Long dependent on domestic appetite, Japan’s nuclear technology companies are increasingly looking to overseas markets, hopeful that foreign governments still trust in the reliability and safety of their technologies after the Fukushima nuclear accident.
Despite public criticism, Prime Minister Yoshihiko Noda has so far answered calls by conglomerates for support as they try to strike deals with countries including Vietnam, Jordan and Lithuania.
Last month, Noda met with Vietnamese Prime Minister Nguyen Tan Dung to reaffirm a $13 billion (¥1 trillion) deal in which Japanese companies will construct two plants for the energy-hungry nation. The government has offered low-interest loans to Hanoi over the purchase.
But the government finds itself in a difficult position as it tries to reduce Japan’s reliance on atomic power while endorsing nuclear export efforts by domestic companies. A majority of Japanese believe nuclear power is no longer safe, but the government claims the nation’s technologies remain the safest in the world — or they at least will be in the future, thanks to the lessons learned since the March 11 disasters wrecked the Fukushima No. 1 power station.
But the government’s stance also reinforces the powerful role of industrial heavyweights — particularly Toshiba Corp., Hitachi Ltd. and Mitsubishi Heavy Industries Ltd. — whose technology could win contracts worth billions to the sputtering economy.
Though the government has yet to conclude its investigation into the triple meltdowns in Fukushima — a probe that will lead to new safety guidelines — industrial conglomerates are racing to finalize deals by highlighting the safety changes they’ve already made.
Only Toshiba and Hitachi had a hand in building the Fukushima plant’s reactors, but the last eight months have served as a gauge for global confidence in Japanese technology for all three manufacturers. Hitachi executives say they have lost several deals since the start of the Fukushima crisis, while Toshiba and Tokyo Electric Power Co. pulled out of a joint bid for a contract in Turkey.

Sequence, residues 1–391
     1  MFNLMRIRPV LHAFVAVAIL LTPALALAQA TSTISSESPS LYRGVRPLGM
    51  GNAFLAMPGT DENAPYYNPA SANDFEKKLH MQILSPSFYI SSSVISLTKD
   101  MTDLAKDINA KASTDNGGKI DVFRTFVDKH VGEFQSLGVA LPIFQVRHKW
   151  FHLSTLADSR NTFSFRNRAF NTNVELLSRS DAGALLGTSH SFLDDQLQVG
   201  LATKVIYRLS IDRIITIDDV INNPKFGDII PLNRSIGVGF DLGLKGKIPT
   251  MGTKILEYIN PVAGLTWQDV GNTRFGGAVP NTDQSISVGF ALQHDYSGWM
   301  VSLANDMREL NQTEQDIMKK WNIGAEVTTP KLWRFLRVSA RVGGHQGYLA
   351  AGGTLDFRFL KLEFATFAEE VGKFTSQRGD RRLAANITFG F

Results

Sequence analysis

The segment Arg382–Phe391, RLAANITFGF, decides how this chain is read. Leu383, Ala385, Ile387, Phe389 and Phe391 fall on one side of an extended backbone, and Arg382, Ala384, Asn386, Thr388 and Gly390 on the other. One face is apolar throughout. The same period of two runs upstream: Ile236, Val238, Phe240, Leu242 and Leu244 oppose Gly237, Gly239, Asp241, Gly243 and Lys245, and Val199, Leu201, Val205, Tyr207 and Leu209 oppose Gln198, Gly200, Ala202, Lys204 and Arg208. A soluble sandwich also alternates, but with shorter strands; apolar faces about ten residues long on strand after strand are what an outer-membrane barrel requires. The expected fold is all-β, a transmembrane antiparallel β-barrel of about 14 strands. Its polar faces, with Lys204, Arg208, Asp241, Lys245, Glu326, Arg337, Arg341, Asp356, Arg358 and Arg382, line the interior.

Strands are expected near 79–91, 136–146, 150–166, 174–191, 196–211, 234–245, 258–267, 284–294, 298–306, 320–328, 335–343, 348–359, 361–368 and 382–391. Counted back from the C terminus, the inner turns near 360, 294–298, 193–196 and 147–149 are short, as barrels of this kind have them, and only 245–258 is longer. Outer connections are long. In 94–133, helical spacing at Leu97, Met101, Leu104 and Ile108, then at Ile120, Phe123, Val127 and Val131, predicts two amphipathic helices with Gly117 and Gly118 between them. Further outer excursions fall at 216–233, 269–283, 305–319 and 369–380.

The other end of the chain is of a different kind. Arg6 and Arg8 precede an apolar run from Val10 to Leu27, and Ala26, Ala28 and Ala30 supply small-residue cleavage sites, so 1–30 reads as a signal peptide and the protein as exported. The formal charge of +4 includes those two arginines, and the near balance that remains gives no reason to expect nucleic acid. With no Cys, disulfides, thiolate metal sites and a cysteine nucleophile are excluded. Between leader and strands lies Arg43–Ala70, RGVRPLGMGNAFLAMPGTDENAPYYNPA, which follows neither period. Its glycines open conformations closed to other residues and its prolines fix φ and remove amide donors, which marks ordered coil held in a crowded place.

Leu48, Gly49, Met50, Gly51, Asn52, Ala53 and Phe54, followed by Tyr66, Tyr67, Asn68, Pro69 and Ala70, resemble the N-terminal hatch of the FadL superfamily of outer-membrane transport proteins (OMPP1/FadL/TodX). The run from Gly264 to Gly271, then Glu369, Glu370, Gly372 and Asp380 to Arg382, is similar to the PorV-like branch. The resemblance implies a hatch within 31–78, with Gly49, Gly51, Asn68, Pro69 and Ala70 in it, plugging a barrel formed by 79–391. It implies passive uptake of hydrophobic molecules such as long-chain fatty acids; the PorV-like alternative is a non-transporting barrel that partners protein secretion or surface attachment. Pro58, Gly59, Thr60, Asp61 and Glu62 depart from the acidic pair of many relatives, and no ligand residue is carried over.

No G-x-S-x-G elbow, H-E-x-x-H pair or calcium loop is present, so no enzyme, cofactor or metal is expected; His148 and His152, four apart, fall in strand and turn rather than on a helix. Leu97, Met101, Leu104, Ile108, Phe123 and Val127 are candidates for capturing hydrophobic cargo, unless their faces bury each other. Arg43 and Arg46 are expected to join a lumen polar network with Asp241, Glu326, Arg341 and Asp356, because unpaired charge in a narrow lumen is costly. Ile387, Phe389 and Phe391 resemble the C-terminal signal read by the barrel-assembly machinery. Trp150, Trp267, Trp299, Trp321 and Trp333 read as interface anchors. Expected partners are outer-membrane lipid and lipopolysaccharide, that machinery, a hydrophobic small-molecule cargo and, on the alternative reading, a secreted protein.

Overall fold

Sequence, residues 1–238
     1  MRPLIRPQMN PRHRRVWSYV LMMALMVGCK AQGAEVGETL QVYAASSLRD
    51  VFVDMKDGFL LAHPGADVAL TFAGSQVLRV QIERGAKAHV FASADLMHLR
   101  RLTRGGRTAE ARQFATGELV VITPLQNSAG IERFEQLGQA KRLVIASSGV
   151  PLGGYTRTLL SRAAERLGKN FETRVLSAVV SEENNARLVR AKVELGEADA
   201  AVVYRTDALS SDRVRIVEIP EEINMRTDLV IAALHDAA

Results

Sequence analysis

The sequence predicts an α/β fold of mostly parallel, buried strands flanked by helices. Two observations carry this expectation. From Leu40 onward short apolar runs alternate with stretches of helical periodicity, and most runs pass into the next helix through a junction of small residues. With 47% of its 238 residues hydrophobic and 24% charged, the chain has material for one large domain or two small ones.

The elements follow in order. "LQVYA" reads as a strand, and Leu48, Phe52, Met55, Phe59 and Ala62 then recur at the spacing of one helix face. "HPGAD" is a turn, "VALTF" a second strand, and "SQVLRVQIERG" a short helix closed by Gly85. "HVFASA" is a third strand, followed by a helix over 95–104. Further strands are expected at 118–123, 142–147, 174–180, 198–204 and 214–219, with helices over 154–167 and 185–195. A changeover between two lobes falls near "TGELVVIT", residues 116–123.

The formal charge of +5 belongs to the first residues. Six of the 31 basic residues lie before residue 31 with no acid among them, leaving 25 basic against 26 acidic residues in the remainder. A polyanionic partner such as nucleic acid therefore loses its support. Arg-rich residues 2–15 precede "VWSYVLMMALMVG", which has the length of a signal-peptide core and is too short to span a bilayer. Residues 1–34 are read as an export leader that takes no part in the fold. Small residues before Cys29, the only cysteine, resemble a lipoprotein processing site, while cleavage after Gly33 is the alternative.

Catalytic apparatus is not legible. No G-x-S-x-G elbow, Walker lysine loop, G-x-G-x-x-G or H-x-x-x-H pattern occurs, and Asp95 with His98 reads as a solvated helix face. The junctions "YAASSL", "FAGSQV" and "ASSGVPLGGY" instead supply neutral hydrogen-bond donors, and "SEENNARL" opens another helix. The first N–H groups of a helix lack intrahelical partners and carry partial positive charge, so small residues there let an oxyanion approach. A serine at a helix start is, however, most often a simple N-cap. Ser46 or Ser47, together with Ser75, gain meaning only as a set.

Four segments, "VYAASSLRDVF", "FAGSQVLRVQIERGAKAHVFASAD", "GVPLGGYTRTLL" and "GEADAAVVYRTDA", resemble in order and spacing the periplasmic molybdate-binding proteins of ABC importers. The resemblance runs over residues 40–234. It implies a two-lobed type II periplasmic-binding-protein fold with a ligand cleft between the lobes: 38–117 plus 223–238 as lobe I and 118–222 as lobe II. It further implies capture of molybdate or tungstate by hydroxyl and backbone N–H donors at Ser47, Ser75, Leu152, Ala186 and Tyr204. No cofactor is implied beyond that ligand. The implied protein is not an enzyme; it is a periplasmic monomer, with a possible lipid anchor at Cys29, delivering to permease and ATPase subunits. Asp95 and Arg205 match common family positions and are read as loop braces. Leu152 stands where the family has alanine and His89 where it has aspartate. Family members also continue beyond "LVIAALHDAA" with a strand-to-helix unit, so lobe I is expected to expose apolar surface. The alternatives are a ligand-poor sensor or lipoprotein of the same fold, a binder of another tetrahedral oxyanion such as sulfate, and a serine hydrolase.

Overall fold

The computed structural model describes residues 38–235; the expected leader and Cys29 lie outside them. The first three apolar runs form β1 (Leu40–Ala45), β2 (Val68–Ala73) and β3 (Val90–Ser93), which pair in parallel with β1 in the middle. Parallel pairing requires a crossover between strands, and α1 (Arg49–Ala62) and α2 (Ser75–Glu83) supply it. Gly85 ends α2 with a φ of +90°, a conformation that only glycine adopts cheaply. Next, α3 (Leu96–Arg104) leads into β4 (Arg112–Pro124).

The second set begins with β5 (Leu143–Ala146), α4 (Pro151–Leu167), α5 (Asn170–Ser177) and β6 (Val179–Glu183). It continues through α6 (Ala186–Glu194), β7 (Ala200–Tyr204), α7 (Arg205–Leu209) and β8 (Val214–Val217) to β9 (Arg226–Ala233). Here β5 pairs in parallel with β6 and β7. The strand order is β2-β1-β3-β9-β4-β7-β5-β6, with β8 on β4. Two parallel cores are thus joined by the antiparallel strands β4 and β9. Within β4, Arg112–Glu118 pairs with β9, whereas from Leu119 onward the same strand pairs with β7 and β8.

Still, the firms believe the setback will be modest, at best.
Before the Great East Japan Earthquake, Hitachi had outlined a plan to construct 38 overseas plants by 2030.
“We are now thinking that target might be a little bit delayed,” said Masaharu Hanyu, who heads Hitachi’s nuclear power systems, but he added the company has not formally lowered its target.
Japan’s nuclear technologies firms have found that demand for atomic energy in many parts of the world has not decreased. While Germany decided to phase out its nuclear plants by 2022 and Italy recently voted against the construction of new nuclear reactors, countries in Asia and the Middle East still have plans for major nuclear projects. In China alone, 26 reactors are under construction.
“I really don’t think Fukushima poses a threat to our negotiations,” Hitachi’s Hanyu said. “In terms of energy security and mitigating carbon emissions, there is still major demand.”
Within weeks of the Fukushima crisis starting, Hitachi sent its executives around the globe to offer reassurances to governments over pending bids and deals. The company especially targeted Lithuania, where it had made a joint bid with U.S.-based General Electric Co. to build a new 1,300-megawatt facility — more powerful than the Fukushima No. 1 power station that was built in the 1960s, but on a par with modern standards. Vilnius closed its last Soviet-style nuclear reactor in 2009 and has since had to import most of its power.
In June, Hanyu and other Hitachi officials flew to Lithuania to tout the new safety measures devised since March 11, including changes in the backup power system. One month later, the Lithuanian government signed an agreement with Hitachi.
“The Lithuanian negotiations were really important to us,” Hanyu said. “We wanted them to know that we are indeed learning from Fukushima No. 1. If they had been wary, they would not have picked us.”
Domestically, the government hasn’t decided whether it will cancel all plans for new nuclear power plants or merely curb its ambitions. Before the Fukushima disaster, the government had planned to build 14 new reactors by 2030, with nuclear power accounting for half of the country’s electricity. But public sentiment has turned against nuclear power and former Prime Minister Naoto Kan announced he favored a phasing out of nuclear reactors. Kan also showed little support for efforts to export nuclear technologies.
Noda’s support for nuclear exports stems, in part, from his desire to maintain influence, as nuclear nations have more clout in global nonproliferation talks. Heavy exports also give industrial companies a reason to keep investing in research and development to maintain their technology, rather than allowing it to become outdated.
“We have to keep up by devising modern blueprints for nuclear plants,” said Shigero Masamori, MHI’s general manager of nuclear energy systems.